• any mental or psychological conditions of the student, including any experience of trauma
  • any other medical conditions of the student
  • the likely response of the student
  • the environment in which the restraint is taking place

At all times the staff should monitor the student for any indicators or distress. Staff should talk to the student throughout the incident, making it clear to the student why the physical restraint is being applied.  Staff should also calmly explain that the physical restraint will stop once it is no longer necessary to protect the student and/or others. 

The staff member(s) involved in the incident must immediately notify the principal of the incident.

A written record of the incident should be kept and should include:

  • the name of the student/s and staff member/s involved
  • date, time and location of the incident
  • names of witnesses (staff and other students)
  • what exactly happened, for example, a brief factual account
  • any action taken to de-escalate the situation
  • why physical intervention was used (if applicable)
  • the nature of any physical intervention used
  • how long the physical intervention lasted
  • names of witnesses (staff and other students)
  •  the student’s response and the outcome of the incident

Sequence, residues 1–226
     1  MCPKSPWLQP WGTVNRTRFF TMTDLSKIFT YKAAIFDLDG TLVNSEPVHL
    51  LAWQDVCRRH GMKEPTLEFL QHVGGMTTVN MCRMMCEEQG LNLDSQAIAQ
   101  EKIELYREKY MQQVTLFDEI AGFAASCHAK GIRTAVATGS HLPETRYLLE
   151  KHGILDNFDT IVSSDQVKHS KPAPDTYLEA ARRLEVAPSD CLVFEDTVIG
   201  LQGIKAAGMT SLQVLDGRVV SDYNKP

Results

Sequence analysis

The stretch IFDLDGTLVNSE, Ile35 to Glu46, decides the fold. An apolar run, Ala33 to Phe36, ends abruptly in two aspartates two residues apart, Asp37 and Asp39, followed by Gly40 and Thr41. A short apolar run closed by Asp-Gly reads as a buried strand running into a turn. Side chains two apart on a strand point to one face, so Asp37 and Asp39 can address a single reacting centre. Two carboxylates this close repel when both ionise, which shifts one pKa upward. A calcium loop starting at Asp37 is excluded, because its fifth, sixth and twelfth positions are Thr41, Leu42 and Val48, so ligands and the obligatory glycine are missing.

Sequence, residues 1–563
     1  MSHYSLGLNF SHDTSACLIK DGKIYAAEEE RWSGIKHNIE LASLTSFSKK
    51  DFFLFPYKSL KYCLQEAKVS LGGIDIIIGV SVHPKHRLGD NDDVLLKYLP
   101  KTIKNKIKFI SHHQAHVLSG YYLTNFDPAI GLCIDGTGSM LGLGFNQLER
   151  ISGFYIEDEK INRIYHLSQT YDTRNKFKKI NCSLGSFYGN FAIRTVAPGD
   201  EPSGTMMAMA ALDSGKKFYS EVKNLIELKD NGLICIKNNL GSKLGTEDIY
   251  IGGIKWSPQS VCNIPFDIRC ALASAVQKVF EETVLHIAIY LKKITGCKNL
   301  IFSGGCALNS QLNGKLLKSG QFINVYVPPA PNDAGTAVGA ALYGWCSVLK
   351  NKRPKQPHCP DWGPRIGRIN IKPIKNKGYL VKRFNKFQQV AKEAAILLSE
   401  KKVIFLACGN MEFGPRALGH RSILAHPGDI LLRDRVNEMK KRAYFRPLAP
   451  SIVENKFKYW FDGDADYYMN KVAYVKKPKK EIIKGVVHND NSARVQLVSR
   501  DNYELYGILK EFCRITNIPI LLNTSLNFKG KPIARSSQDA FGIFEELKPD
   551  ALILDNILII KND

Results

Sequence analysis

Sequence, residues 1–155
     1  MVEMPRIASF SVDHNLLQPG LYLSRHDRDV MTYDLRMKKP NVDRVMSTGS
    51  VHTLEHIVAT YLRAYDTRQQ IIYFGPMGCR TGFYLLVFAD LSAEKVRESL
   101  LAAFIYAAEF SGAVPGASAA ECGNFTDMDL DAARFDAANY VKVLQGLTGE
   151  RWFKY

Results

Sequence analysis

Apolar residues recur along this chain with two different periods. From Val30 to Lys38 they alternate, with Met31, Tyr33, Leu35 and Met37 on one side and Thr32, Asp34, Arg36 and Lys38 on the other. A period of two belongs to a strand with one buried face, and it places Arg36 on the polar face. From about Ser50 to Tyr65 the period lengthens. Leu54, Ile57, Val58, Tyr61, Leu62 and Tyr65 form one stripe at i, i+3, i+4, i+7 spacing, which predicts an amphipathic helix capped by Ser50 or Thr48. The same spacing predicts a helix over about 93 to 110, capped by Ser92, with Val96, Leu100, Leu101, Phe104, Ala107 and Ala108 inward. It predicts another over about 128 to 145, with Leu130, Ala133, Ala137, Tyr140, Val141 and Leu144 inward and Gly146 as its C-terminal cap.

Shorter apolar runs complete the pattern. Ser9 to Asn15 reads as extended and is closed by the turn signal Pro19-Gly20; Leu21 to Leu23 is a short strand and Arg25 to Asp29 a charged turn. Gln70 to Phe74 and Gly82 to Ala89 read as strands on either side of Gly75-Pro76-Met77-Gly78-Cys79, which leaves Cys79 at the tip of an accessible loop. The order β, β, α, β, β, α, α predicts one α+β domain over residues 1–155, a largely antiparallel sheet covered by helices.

• any injuries or damage to property
  • immediate post incident actions, such as first aid or contact with emergency services
  • details of contact with the student’s parent/carer
  • details of any post-incident support provided or organised.

Staff Training

  • Schools need to take their own decisions about staff training. The headteacher should consider whether members of staff require any additional training to enable them to carry out their responsibilities and should consider the needs of the pupils when doing so.
  • Some local authorities provide advice and guidance to help schools to develop an appropriate training program.

Much of the content of this Newsletter has been taken from school systems across the western world in order to provide a common-sense approach to physical touching particularly restraint.  However, it is important that that all schools know the formal policies of the Departments who employ them.  These guidelines define the limits of the intervention and the responsibilities all members of the organisation.

Posted by: AT 08:07 pm   |  Permalink   |  0 Comments  |  Email

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John R Frew
Marcia J Vallance

ABN 64 372 518 772


The principals of the company have had long careers in education with a combined total of eighty-one years service.  After starting as mainstream teachers they both moved into careers in providing support for students with severe behaviours.